The Global Economy 2020: A Positive Outlook Shadowed by China, Debt, and Trade Tensions
Experts expect growth to rebound, but many of their projections are built on shaky foundations.
A storm hits Southern California on Dec. 26. The economic outlook for next year is generally positive, but there are any number of metaphorical storms on the horizon. Robyn Beck/AFP/Getty Images
After a rocky 2018 and truly rough patches in 2019, especially particular sectors such as global manufacturing and U.S. agriculture, the consensus outlook for the global economy next year is surprisingly sanguine.
Most mainstream forecasters expect that the worst of the storms are past, and they are expecting global growth to rebound: the International Monetary Fund by 3.4 percent, the World Bank by 2.7 percent. One big reason for the dose of optimism is the generally looser approach to the money supply taken by central banks around the world, which helped offset some of the pain of trade wars and falling investment in 2019 and promises to allow a modest rebound next year (but which carries its own risks).
But those growth expectations are premised, in both cases, on a couple of potentially tenuous foundations: a rebound in emerging markets, such as Argentina and Turkey, that have been hammered in recent years, and a halt to further nasty surprises like trade wars, imploding markets, debt time bombs, and the like. Economists expect the wild cards for 2020 to point in one direction: downward.
“[D]ownside risks seem to dominate the outlook,” noted the IMF in its latest big report on the global economy’s prospects. Whether it’s still-simmering trade tensions, the ongoing Brexit saga, China’s economic transformation, worries about a sharp market correction, central banks with few bullets left to fire, historically massive piles of debt, or the usual geopolitical risks that could upend the best of projections, here is a look at some things to keep an eye on that could make or break the global economy next year.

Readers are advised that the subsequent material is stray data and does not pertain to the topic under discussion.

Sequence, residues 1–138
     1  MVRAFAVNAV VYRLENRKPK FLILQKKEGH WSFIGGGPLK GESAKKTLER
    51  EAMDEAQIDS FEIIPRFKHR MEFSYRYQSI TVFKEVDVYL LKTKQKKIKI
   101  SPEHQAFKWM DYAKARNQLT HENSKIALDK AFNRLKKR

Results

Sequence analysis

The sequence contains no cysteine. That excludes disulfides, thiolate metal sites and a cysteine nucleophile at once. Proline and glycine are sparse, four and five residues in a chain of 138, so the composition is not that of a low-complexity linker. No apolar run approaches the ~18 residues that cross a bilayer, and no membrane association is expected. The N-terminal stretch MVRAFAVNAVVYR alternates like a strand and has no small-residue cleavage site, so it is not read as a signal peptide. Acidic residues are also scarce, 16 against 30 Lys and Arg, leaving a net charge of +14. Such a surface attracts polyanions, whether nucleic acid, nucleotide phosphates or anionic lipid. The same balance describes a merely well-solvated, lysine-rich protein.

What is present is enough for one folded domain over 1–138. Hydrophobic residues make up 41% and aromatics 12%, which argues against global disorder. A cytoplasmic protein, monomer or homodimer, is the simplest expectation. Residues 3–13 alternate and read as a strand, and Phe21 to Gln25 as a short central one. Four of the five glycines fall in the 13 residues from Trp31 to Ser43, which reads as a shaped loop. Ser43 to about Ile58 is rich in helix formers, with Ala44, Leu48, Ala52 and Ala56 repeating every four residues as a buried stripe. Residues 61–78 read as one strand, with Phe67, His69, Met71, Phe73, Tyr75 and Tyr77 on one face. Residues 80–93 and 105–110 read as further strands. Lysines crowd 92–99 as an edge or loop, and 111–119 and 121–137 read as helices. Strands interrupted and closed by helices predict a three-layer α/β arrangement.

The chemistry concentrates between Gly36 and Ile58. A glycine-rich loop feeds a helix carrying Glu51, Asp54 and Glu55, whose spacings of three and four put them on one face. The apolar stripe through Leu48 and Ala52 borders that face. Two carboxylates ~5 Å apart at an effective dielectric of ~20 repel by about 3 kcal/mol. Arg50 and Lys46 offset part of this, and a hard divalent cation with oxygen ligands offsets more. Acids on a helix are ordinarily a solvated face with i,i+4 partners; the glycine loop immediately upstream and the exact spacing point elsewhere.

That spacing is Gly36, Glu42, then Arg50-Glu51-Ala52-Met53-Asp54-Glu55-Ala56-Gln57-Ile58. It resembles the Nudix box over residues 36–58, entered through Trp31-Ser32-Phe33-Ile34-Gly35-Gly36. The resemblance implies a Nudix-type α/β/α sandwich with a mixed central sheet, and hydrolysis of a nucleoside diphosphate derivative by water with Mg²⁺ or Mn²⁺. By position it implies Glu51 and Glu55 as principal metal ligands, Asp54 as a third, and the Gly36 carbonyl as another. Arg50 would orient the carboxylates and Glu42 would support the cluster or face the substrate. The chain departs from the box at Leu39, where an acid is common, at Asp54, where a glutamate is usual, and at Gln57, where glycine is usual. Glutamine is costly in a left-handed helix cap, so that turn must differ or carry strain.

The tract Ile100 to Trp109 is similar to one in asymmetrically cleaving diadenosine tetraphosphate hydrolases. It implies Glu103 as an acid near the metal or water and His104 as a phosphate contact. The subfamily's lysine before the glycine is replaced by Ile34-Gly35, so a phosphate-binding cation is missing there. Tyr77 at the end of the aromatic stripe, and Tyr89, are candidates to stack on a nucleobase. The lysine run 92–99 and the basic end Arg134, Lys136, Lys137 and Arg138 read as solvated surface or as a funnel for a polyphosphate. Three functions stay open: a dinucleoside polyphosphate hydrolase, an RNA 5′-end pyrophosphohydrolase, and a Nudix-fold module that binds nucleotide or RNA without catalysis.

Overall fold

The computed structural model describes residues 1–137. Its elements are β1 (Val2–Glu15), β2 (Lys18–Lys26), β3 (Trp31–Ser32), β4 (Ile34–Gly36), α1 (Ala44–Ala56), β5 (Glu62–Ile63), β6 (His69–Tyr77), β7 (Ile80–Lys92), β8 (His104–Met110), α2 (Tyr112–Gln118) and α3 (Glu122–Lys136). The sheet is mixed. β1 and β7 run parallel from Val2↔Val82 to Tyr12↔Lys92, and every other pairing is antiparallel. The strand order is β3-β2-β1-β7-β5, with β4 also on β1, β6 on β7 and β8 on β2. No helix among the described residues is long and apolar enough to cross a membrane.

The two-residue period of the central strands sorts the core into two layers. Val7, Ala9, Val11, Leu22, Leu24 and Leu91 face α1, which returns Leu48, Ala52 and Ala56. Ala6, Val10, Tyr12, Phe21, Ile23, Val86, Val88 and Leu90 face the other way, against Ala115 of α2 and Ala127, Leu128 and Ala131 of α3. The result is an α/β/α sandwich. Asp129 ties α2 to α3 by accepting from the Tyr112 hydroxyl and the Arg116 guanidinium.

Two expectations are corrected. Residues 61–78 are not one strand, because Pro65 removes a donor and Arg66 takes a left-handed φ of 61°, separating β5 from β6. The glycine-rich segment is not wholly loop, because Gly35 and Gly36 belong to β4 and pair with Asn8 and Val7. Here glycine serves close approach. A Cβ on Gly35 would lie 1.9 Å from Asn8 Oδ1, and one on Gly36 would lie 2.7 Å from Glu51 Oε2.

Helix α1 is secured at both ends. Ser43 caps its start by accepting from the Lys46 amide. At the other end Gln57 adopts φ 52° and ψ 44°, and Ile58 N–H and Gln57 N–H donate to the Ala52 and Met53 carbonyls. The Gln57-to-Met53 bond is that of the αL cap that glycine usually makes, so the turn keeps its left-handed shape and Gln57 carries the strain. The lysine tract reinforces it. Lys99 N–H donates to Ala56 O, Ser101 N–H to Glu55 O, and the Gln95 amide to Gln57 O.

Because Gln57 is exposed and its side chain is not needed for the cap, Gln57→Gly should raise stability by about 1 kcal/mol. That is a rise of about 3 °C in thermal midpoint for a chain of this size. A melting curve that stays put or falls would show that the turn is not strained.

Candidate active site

Despite the preliminary agreement between the United States and China of a “phase one” trade deal that promises at least a cease-fire between the world’s two biggest economies, the trade wars are far from over. That “phase one” deal with China isn’t yet a done deal—and similar agreements have come undone in months past.
Even if U.S. President Donald Trump and Chinese President Xi Jinping finally ink some sort of truce that will see a partial restoration of trade amity between the two countries, most of the tariffs the Trump administration imposed on China (and those Beijing slapped on the United States in return) will remain in place. What the Peterson Institute for International Economics calls a “new normal of high tariffs” will mean that about two-thirds of Chinese imports to the United States and more than half of U.S. exports to China will remain taxed at relatively high levels. That means a guaranteed, continued drag on U.S. manufacturers that rely on many of those goods as inputs for their own finished products, adding financial pain for firms, consumers, or both.
And trade tensions aren’t limited to the fight between Washington and Beijing. With a new NAFTA wrapped up and an apparent China truce in hand, Trump’s trade negotiators are returning their gaze to ongoing trade fights with Europe, which include ongoing spats over U.S. tariffs on European steel, U.S. tariffs on European goods due to the Airbus-Boeing dispute (with potentially another set of European retaliatory tariffs in the pipeline), and U.S. tariffs on French goods in response to a controversial French digital tax—a tax that is under serious consideration in several other countries and that could spread that trade fight even further.
There’s more: The United Kingdom will formally exit the European Union at the end of January, but that will only sound the starting pistol for the really heavy lift: negotiating a free trade agreement between the U.K. and Europe before the end of the year, a deadline that European officials feel is almost impossible to meet. Failure to sort out key issues, such as tariff rates between Britain and the continent or regulatory standards between the two sides, could lead to another Brexit cliff edge at the end of the year, with all that entails for new investment, business and consumer confidence, and growth.
To make things more interesting, the United States hopes to negotiate its own free trade deal with the U.K. next year. But that would mean pulling Britain closer to the United States in terms of economic regulation—making it that much harder for the U.K. to close any meaningful deal with Europe.